To that end, the companies hope that IBM Mobile First for iOS will “transform enterprise mobility through a new class of business apps,” they explained.

It’s not all that often technology giants align and rattle off healthcare as one of their target verticals, much less that Apple joins forces with any of the IT old guard — which gives the partnership a booster shot of luster. And in an mHealth industry currently going like gangbusters with too many startups to count, the sheer scale that Apple and IBM bring at the very least has the potential for significant market-shaping.

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An Apple a Day: Cues From Human Centered Design For Healthcare

An Apple a Day: Cues From Human Centered Design For Healthcare | healthcare technology |
What would a medical device suite from Apple look like? More importantly, how would it feel?

When we think about the “why” of how we design products and services, our best work usually makes this planet a better place for all of us to live. Of course, not every product can make that claim, but with the design of medical products it’s almost built in. That said, especially with the constraints imposed by regulations, it’s to claim that our hands are tied and settle for a design compromise instead of looking for the best possible and most poetic answer. One day a hospital room will need to have the equivalently delightful experience of shopping in an Apple store.

It’s coming soon.

Hard to picture? Maybe so in the short term, but as we progress, patients no longer will be willing to accept a care system or the products within it that view them as passive recipients of treatment. Patient loyalty can mean the difference between success and failure for healthcare organizations. Gaining patient loyalty comes down to one core factor: the ability of healthcare organizations to consistently deliver positive patient experiences. Organizations that can do so will own the future of healthcare.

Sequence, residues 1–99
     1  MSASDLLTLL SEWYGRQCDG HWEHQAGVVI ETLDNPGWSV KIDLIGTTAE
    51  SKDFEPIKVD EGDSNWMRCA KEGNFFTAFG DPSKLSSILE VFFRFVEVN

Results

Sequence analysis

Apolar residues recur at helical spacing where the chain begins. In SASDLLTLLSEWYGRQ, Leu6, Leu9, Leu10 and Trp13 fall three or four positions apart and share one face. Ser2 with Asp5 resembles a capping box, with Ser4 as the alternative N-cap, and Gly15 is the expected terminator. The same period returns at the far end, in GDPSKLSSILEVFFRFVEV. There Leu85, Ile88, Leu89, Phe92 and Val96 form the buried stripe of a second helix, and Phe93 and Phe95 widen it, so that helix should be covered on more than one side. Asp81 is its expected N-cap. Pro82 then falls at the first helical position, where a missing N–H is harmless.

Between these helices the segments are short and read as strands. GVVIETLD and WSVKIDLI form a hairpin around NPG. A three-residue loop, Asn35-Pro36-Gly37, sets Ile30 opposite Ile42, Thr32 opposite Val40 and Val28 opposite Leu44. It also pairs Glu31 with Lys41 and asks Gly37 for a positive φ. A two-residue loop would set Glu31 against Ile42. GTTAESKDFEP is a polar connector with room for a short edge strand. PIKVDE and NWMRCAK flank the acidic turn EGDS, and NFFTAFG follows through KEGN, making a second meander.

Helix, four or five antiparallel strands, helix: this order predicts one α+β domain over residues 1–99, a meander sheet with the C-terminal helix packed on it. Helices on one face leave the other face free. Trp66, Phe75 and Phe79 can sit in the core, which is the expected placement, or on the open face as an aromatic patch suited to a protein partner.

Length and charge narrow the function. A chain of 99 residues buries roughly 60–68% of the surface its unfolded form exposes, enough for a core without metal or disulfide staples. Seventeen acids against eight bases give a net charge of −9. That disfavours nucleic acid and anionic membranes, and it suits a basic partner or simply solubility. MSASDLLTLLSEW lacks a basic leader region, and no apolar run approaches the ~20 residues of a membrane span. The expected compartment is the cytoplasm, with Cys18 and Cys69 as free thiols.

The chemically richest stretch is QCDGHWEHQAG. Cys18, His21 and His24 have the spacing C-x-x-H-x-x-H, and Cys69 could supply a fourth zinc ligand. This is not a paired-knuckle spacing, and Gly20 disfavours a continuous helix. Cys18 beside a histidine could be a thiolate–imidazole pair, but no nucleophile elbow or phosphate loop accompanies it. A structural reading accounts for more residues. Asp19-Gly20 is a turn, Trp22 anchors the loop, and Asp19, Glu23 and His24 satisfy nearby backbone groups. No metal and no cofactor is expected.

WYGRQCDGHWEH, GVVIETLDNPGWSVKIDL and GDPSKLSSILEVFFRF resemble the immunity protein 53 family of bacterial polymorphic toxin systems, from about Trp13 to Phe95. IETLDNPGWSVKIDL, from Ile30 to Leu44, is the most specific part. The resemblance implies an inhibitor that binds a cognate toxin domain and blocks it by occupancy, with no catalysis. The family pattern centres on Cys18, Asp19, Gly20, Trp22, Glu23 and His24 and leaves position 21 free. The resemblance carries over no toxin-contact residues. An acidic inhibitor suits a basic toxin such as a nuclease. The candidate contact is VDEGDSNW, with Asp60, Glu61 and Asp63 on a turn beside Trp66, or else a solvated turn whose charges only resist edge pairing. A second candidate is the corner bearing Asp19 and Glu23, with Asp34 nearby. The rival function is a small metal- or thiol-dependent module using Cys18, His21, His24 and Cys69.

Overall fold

The adoption of a patient-centered care model is becoming the main focus of innovative healthcare organizations as accountability for clinical patient satisfaction continues to grow. Positive patient experiences are no longer a nicety for healthcare systems; they are an absolute necessity. We are seeing an industry wide consciousness shift of this understanding with the steady increase of CXOs (customer experience officers) being appointed to C-suite positions across major healthcare organizations.

The future of healthcare will be won by those who put patients first, who think about patients as customers of healthcare. Again, this core value— always put your users first—is long understood in the design community.

A good way to think about it is to design these experiences looking through three lenses: beauty, ingenuity and charisma.

While we may not often think of medical products as beautiful, there is no reason not to; their expression in form and detail have the power to inspire and comfort.Ingenuity solves for problems of use and manufacture, and charisma draws people to a product because of a true understanding of need.

The trick is an uncompromising commitment to all three lenses in every solution and product designed.

With the widespread consciousness shift seen in healthcare organizations toward understanding the importance of focusing on positive patient experience, I believe that this is incredibly exciting time for design leadership to be brought to the table.

Let me pose a final question, hinted at in the first paragraph: Suppose instead of computers, Apple decided to make medical devices. What would a medical device suite from Apple look like?